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What are the effects of interventions to improve the use of systematic reviews in decision-making by health system managers, policy makers, or clinicians?

Anumber of interventions aiming to increase the use of systematic review evidence in decision making are currently in use. These include summaries of systematic reviews designed to improve the accessibility of the findings (“information products”) and changes to organisational structures, such as employing specialist groups to synthesise evidence in order to inform local decision making.

 Key messages

  • Summary of findings tables probably improve access to the main findings of a systematic review and may decrease inappropriate use of clinical interventions.
  • Mailing printed bulletins that summarise the findings of systematic reviews may improve professional practice.
  • Multifaceted interventions that include access to a database or information derived from systematic reviews and training to improve the use of that evidence by clinicians may have little or no effect on professional practice and patient outcomes.
  • Tailored messages and knowledge brokers together with access to a database of systematic reviews may have little or no effect on self-reported use of research evidence by public health departments, compared to access to the database alone.
  • The review found no studies of the effects of interventions targeted at health system managers or policymakers, and no studies from low income countries.

 

Background

Systematic reviews provide a transparent and robust summary of existing research. However, health system managers, national and local policymakers, and healthcare professionals can face several obstacles when attempting to utilise this evidence. These include dealing with a large volume of research evidence and difficulties making judgements about the applicability of evidence from systematic reviews. In an attempt to increase the use of systematic review evidence in decision making, a number of interventions have been developed.



About the systematic review underlying this summary

Review objectives:To identify and assess the effects of information products based on the findings of systematic review evidence, and organisational supports and processes designed to support the uptake of systematic review evidence by health system managers, policy makers, and healthcare professionals.
Type of What the review authors searched for What the review authors found
Study designs & interventions Randomised trials, interrupted time series studies and controlled before after studies of interventions intended to improve the uptake of evidence from systematic reviews in decision making
Eight studies:multifaceted interventions (2 cluster randomised trials); summary of findings tables (1 randomised trial); analgesic league table (1 randomised trial);organizational intervention (knowledge broker, access to systematic review repository, provision of tailored messages) (1 randomised trial); dissemination of printed bulletins (3 interrupted timeseries studies).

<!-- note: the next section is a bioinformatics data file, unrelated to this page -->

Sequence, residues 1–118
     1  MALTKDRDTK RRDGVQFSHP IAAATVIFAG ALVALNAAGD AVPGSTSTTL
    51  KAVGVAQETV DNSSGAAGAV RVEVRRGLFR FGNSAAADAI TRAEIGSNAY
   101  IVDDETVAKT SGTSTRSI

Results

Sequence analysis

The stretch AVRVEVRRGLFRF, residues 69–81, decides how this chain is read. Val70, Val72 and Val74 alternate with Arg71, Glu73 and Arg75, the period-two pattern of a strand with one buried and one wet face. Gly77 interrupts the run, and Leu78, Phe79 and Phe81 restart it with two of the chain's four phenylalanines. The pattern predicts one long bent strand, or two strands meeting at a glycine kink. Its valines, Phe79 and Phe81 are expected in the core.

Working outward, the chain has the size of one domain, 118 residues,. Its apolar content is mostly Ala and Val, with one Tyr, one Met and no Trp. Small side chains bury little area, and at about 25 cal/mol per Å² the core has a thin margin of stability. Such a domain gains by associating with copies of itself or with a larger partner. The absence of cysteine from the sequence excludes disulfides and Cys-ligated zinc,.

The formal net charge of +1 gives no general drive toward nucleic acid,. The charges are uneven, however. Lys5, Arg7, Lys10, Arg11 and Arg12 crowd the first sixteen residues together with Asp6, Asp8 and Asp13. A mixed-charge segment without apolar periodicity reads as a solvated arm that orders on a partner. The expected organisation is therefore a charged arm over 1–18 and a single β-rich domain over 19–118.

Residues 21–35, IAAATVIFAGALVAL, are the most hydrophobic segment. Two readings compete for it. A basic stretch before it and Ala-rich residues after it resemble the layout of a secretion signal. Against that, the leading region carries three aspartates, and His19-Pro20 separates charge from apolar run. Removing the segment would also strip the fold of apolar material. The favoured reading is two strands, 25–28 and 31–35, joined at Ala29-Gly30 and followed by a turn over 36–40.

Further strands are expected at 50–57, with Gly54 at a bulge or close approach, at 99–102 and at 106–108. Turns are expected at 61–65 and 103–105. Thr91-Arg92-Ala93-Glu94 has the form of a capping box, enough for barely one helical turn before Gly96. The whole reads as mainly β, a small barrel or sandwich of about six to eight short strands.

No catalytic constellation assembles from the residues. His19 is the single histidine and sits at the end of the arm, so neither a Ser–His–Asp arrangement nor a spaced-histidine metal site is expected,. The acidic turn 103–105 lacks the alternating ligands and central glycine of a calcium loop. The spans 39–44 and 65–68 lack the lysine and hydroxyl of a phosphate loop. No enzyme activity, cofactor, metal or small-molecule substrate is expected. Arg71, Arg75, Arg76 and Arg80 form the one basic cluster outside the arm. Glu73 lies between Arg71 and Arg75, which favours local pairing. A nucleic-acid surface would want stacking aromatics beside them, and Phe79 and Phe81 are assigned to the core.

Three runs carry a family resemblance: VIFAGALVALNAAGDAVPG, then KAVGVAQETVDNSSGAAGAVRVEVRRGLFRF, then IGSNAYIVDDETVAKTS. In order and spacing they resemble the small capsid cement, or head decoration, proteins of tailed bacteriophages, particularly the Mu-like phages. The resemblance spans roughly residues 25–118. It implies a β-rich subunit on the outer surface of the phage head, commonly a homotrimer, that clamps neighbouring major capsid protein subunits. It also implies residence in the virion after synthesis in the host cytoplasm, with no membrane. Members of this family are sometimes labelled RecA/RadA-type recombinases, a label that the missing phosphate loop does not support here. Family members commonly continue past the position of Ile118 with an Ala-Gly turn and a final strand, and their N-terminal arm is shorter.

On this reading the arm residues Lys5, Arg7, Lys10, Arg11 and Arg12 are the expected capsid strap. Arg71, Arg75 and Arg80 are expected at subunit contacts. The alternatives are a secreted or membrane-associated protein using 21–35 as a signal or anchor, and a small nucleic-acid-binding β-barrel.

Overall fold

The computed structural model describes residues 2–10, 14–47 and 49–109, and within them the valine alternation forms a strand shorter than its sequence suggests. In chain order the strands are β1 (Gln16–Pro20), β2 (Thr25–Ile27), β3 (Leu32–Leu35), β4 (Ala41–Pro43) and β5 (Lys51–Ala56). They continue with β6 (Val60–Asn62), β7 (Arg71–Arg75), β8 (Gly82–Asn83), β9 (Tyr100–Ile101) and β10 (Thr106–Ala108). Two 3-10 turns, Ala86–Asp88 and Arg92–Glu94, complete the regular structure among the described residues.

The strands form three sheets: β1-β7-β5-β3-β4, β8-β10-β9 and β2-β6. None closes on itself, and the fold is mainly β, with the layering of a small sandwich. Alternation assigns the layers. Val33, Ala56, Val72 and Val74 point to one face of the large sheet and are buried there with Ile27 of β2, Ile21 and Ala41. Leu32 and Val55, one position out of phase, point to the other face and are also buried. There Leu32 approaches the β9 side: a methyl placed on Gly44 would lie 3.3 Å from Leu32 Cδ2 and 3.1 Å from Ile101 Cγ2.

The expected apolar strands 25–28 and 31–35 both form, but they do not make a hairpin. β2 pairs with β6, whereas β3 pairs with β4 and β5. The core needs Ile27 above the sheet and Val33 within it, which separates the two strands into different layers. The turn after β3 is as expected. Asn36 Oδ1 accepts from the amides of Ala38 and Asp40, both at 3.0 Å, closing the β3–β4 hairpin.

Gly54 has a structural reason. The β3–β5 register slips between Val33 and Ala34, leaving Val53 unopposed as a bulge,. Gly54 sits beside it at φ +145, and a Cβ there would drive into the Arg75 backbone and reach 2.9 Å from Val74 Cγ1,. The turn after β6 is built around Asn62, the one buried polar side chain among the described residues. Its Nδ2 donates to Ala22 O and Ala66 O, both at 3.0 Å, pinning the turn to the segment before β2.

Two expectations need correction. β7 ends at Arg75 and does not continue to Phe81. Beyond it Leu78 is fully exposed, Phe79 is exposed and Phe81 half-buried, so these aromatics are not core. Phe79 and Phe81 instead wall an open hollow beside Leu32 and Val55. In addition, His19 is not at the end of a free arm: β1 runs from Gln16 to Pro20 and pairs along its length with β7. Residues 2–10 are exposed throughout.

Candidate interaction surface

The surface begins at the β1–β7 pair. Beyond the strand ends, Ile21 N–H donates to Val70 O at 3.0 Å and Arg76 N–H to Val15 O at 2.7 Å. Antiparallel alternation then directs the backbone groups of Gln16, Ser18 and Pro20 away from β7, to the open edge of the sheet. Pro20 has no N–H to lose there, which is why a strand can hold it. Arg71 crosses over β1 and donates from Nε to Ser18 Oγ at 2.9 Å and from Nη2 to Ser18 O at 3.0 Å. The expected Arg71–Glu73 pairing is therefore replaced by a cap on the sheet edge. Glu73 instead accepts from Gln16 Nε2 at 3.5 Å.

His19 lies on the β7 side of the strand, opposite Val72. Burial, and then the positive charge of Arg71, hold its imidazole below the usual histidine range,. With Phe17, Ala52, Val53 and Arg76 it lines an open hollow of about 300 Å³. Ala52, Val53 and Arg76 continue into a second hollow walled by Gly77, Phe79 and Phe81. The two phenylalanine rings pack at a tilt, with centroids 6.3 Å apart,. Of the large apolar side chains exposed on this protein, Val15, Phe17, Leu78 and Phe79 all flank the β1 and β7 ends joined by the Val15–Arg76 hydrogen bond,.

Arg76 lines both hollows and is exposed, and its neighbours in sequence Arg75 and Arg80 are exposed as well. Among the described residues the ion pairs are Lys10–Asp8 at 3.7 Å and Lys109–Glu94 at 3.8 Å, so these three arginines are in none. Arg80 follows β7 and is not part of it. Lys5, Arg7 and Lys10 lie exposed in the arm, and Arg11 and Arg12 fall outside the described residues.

Participants Health system managers, policymakers and clinicians
Nurses (1 study); physicians and nurses (1); public health professionals (1); evidence based practice workshop participants (1); healthcare professionals and students (1); National Health Service (NHS) clinicians and decision makers (3)
Settings Any setting
UK (5 studies); Canada (1); Mexico and Thailand (1); setting not specified (1)
Outcomes Utilisation of research, acceptability of the way information was presented, knowledge, utilisation of healthcare resources, patient related outcomes. Utilisation of research (6 studies); utilisation of healthcare resources (costs) (3); knowledge (1 RCT); perceived understanding and ease of use (1); preferences and attitudes (1); patientrelated outcomes (pain management and use of analgesia) (2)
Date of most recent search: March 2012
Limitations:This is a well-conducted systematic review with only minor limitations.
Murthy L, Shepperd S, Clarke MJ, et al. Interventions to improve the use of systematic reviews in decision making by health system managers, policy makers and clinicians. Cochrane Database Syst Rev 2012; 9: CD009401.

Murthy L, Shepperd S, Clarke MJ, et al. Interventions to improve the use of systematic reviews in decision making by health system managers, policy makers and clinicians. Cochrane Database Syst Rev 2012; 9: CD009401.

Summary of findings

The review identified eight studies that evaluated the effectiveness of different interventions designed to support the use of systematic review evidence decision making.

1) Multifaceted interventions targeted at clinicians

  Three studies evaluated the effects of multifaceted interventions on obstetric practice (1 each in Mexico, Thailand and the UK). One study evaluated the effects of a multifaceted intervention on patient outcomes (pain and use of analgesics) for patients on four orthopaedic wards in the UK. The interventions included access to a database (3 studies) or a league table of analgesic efficacy (1 study), training (interactive workshops or educational outreach), audit and feedback (2 studies), and a coordinator to assist use of the database (2 studies).

  • Multifaceted interventions to improve the use of evidence from systematic reviews by clinicians may have little or no effect on professional practice and patient outcomes. The certainty of this evidence is low.

Multifaceted interventions to improve the use of evidence derived from systematic reviews in decision making by clinicians

People: Clinicians
Settings
:  Secondary care settings in the UK (2 studies), Mexico (1) and Thailand (1)
Intervention
: Multifaceted interventions to support the use of evidence derived from systematic reviews
Comparison
No intervention/usual care
Outcomes Median effect (range) Certainty of the evidence
(GRADE)

Professional practice

for six obstetric practices (2 studies), four obstetric practices (1)

Median effect 3.5% improvement in desired professional practice (adjusted for baseline differences)

(2.0% to 3.5%)

 


Low

Patient outcomes

pain and use of analgesics (1 study)

There was little or no difference in the average amount of pain or use of analgesics

Low

1 The size of the differences varied widely within each study and most of the effect estimates had wide confidence intervals.

2 There was a serious risk of bias and imprecision.

GRADE: GRADE Working Group grades of evidence (see above and last page)